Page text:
After finishing my PhD in 2011, I crossed the Pacific. I spent a year at the US Studies Center at the University of Sydney. It was a very exciting place to be in the midst of the 2012 presidential election. After Sydney, I briefly taught at Tufts before coming here to Exeter. At the time of my arrival, Andrew Thompson and the department were in the midst of launching the Centre for Imperial and Global History, which has since grown by leaps and bounds.
From this came your book. There you trace the tensions between two economic ideologies that shaped Anglo-American visions of empire and globalization. On the one hand are free traders influenced by Richard Cobden (1804-1865), the Victorian Era’s famed radical British free trade and peace advocate. On the other are ‘Listian nationalists,’ whom you characterize after the German intellectual Friedrich List (1789-1846). We know about Cobden, but List is not a household name. Can you tell us more about him and walk us through the broader debate?
List has actually made a bit of a comeback in recent decades. For example, Ha-Joon Chang, a heterodox economist, wrote a popular book in 2002 (Kicking Away the Ladder) borrowing from List’s 1841 National System of Political Economy. In the 1990s, James Fallows also wrote a fascinating piece about List in The Atlantic (‘How the World Works,’ December 1992) after he came across a Japanese translation of List’s critique of free trade, and Fallows used it to highlight debates about what I would call ‘Cobdenite cosmopolitanism’ and ‘Listian nationalism’ in Japan. But, essentially, List was a critic of free trade. He argued that states needed strong protectionist policies alongside strong national institutions and imperial expansion in order to develop ‘infant’ industries. This was very much the opposite of the hands-off, non-interventionist, anti-imperial, free trade arguments of Richard Cobden and his followers.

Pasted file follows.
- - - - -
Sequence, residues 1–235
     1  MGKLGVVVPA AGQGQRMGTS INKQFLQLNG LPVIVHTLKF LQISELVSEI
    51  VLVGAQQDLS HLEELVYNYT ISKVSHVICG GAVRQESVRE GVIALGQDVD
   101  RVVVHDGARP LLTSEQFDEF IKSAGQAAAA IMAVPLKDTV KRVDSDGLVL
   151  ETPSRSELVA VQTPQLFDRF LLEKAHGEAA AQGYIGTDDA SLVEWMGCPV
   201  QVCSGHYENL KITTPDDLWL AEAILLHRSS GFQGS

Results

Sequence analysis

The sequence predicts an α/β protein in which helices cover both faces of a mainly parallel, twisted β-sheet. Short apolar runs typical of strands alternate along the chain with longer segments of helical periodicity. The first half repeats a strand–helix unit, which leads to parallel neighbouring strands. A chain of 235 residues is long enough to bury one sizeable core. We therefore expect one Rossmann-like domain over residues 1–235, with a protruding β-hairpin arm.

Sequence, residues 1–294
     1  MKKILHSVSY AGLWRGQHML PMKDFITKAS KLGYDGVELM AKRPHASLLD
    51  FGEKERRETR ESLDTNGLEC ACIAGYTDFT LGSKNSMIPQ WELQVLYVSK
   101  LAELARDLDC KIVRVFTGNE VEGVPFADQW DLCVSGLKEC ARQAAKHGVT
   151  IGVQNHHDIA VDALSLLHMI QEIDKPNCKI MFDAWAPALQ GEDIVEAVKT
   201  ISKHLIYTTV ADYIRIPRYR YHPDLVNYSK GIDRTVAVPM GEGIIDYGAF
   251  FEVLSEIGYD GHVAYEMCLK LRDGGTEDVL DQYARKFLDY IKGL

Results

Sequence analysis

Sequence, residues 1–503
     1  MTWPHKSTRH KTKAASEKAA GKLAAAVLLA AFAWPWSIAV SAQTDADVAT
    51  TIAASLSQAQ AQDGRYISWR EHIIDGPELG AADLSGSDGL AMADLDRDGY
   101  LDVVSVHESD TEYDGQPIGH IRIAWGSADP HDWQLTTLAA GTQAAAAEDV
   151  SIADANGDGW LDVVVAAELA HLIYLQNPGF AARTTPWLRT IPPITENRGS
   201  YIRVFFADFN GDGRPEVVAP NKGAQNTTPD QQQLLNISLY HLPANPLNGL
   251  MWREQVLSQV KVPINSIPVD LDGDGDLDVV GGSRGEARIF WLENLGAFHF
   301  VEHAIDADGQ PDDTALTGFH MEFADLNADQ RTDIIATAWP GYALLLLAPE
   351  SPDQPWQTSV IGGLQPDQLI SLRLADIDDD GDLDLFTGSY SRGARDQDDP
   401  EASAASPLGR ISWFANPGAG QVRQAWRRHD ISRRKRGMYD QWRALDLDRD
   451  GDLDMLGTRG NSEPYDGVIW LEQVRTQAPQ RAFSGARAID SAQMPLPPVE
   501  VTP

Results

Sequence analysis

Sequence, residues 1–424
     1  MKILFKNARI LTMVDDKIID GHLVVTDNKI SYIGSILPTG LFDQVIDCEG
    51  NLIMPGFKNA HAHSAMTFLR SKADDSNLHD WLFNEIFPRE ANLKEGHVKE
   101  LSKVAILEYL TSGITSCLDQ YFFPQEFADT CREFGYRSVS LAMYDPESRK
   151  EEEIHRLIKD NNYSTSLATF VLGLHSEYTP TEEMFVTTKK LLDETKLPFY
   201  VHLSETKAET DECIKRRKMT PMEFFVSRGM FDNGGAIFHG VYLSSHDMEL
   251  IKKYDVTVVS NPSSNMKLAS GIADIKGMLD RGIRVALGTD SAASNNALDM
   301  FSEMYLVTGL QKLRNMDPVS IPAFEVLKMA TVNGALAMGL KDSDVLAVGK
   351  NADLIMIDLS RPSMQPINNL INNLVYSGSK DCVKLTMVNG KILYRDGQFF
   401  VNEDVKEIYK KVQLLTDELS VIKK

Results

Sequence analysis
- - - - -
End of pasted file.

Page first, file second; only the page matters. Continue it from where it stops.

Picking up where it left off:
But you are right. Today List is not a household name, despite what myself and others consider to be his strong influence on nineteenth century American history. Briefly, List was a German exile who settled in the United States in the 1820s. He then became instrumental in providing intellectual support for the American System of economic nationalism, which roughly consisted of industrial subsidies, centralized banking, and high tariffs to foster national consolidation. He then went back to Germany as an American citizen. There, his work and activities provided intellectual support for the making of the Zollverein (the German Custom Union). After Britain unilaterally turned to free trade in 1846, his protectionist ideas became ever more popular in the developing world of the late nineteenth century. In sum, I think it’s fair to say that he became the most influential theorist of nineteenth century economic nationalism.
When in the United States, List lived in industrialising Pennsylvania. What was going on there? And how can we assess his influence?
This was what we might call the first wave of Listian nationalism in America. Upon his arrival, List quickly became involved with Philadelphia’s protectionist intellectuals. This might have been what drew him there in the first place. Once there, he became close to Mathew Carey, probably the most successful early American publisher. An Irish immigrant, Mathew was Anglophobic and thus opposed most British-inspired ideologies, including free trade. His son, Henry Carey, took over the publishing business and, much like his father, became the leader of a pan-US protectionist intelligentsia centered around Philadelphia.